Well, today is the big day! My great grandfather turns 100 today. String Bean and I are celebrating with 5 generations of family out in Seattle this weekend. I thought you might enjoy some excerpts from a news article about his life that was printed in the Monroe Monitor.
Before arriving in Washington, Miller, one of 10 siblings and the only boy to graduate from high school, was somewhat footloose, working as a traveling salesman in the Midwest before heading to Los Angeles for work in the airplane manufacturing business.
“I had an aunt in Los Angeles,” he said. “I lost my job, I was out of work, and I had interviewed with (plane builder) Lockheed with a rep. in Minneapolis. They didn’t call and didn’t call, so I decided to come out to Los Angeles where they were anyway.”
It worked; he got the job and the career he would pursue until retirement.
He started out working on the P-38.
After six years, though, the job ended.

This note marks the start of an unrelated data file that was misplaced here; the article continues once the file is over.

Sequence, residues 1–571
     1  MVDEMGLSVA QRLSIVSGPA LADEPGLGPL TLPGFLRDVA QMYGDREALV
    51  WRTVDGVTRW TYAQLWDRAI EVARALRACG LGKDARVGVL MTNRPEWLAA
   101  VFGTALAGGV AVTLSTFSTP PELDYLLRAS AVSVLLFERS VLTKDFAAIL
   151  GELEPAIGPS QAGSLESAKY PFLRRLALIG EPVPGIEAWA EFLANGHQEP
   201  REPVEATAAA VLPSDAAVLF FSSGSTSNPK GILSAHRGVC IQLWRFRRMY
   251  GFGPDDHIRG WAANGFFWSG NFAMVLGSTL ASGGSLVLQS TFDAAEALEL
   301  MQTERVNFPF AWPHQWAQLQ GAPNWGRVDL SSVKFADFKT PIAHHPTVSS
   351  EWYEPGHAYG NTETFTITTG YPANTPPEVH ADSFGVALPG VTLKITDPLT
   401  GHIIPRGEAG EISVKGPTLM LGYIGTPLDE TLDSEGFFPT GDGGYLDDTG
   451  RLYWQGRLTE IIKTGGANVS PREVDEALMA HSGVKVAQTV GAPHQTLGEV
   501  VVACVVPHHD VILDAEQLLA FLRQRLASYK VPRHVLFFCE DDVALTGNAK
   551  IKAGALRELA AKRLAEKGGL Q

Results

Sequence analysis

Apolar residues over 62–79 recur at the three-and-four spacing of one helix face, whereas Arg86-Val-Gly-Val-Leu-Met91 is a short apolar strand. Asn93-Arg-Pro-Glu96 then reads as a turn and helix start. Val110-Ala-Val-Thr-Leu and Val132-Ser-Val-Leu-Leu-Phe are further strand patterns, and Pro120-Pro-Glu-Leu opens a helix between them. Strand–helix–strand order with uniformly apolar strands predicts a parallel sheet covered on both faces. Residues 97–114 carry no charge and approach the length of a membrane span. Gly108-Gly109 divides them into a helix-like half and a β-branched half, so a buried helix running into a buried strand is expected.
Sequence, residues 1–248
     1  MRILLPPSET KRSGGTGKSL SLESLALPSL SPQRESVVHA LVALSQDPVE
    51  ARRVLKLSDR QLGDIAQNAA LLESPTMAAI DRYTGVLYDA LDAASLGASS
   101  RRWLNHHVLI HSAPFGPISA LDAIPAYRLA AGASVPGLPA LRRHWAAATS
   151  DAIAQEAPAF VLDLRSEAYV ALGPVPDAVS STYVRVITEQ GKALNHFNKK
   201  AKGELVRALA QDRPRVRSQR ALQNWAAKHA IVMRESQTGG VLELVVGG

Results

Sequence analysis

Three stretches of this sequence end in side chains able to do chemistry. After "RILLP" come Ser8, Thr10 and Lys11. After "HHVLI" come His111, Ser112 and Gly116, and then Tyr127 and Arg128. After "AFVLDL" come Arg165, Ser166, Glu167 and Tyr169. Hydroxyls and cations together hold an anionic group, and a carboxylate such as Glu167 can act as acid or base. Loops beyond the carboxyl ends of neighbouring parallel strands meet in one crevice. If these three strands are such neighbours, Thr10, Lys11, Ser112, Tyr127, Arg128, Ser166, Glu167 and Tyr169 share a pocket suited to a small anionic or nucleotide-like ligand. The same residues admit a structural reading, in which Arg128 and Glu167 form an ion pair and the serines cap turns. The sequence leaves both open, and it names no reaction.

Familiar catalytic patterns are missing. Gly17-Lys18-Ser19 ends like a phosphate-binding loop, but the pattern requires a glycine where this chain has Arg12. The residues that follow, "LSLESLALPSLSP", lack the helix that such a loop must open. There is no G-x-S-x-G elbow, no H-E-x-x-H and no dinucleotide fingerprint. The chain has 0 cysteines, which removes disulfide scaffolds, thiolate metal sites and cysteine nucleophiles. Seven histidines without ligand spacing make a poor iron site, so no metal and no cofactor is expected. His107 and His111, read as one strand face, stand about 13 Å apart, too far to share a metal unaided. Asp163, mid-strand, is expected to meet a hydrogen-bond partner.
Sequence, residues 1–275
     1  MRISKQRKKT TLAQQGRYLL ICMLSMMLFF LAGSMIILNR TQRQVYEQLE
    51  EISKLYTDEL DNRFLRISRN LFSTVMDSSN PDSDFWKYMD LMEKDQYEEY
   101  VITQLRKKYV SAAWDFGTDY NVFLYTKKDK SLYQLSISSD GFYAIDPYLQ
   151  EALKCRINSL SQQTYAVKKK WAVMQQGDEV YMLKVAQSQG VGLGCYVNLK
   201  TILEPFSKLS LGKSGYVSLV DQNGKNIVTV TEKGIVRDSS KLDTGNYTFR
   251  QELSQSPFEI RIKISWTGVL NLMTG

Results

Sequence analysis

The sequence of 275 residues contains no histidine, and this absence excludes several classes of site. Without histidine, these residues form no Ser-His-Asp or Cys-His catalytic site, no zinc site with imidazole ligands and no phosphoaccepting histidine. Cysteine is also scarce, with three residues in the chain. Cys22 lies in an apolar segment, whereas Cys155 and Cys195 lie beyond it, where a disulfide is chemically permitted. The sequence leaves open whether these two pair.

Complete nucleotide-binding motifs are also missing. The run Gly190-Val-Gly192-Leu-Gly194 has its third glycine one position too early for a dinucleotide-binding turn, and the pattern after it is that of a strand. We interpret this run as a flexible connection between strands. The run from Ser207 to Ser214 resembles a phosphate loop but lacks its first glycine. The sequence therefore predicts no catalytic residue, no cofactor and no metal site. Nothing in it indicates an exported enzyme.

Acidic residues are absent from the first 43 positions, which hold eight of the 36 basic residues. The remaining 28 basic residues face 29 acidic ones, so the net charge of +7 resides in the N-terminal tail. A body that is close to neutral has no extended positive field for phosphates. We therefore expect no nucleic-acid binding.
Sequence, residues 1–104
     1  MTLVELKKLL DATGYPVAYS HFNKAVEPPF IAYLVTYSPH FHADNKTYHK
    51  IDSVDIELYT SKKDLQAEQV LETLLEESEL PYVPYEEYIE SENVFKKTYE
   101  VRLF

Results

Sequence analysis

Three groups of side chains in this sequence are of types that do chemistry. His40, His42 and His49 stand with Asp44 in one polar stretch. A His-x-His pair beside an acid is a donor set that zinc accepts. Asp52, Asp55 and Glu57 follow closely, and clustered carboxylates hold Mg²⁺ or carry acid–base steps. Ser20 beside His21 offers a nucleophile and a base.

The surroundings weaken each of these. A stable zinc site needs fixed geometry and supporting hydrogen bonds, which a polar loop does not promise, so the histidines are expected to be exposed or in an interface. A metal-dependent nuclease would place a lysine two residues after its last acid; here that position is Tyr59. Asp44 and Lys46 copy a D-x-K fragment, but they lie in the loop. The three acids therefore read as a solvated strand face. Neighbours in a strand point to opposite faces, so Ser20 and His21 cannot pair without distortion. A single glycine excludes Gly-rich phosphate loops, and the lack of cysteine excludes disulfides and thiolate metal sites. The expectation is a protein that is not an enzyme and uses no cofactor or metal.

“Lockheed was going to lay me off, and I had a brother with a dealership in Minnesota,” said Miller. “I moved back there and joined that firm.” Then came World War II, and Lockheed cranked up production.
Back to Los Angeles went Miller, working on the P-38, this time outfitting the planes with guns for the war effort. He also worked on the C-69, a large cargo plane. After a while, he became a teacher, which lead to his next job.
“I was teaching about the airplanes,” he said. Some people from a company called AirResearch Manufacturing came in to take a class from him. “I asked them if they had jobs in their field service department.”
He switched careers after clearing it with military, as those involved in the war effort were required to do in those days, and continued to teach about airplanes for the rest of his
He also had a large family; he and his wife Dorothy had seven children.
Upon retirement, in 1972, he moved to Startup. “I built the first house in Startup in two years,” he said. “They hadn’t had any houses built in that long.” He and Dorothy bought a manufactured home on two acres and joined the Hillcrest Baptist Church in Sultan.
After 68 years of marriage, Dorothy died in 2000. Miller moved to Merrill Gardens three years ago, at the age of 97.
He currently lives there with his second wife, Lois XXX Miller.
He will celebrate his birthday with his five surviving children at the Northshore Senior Center in Bothell. Many of his 20 grandchildren, 41 great-grandchildren and six great great-grandchildren are expected to attend.
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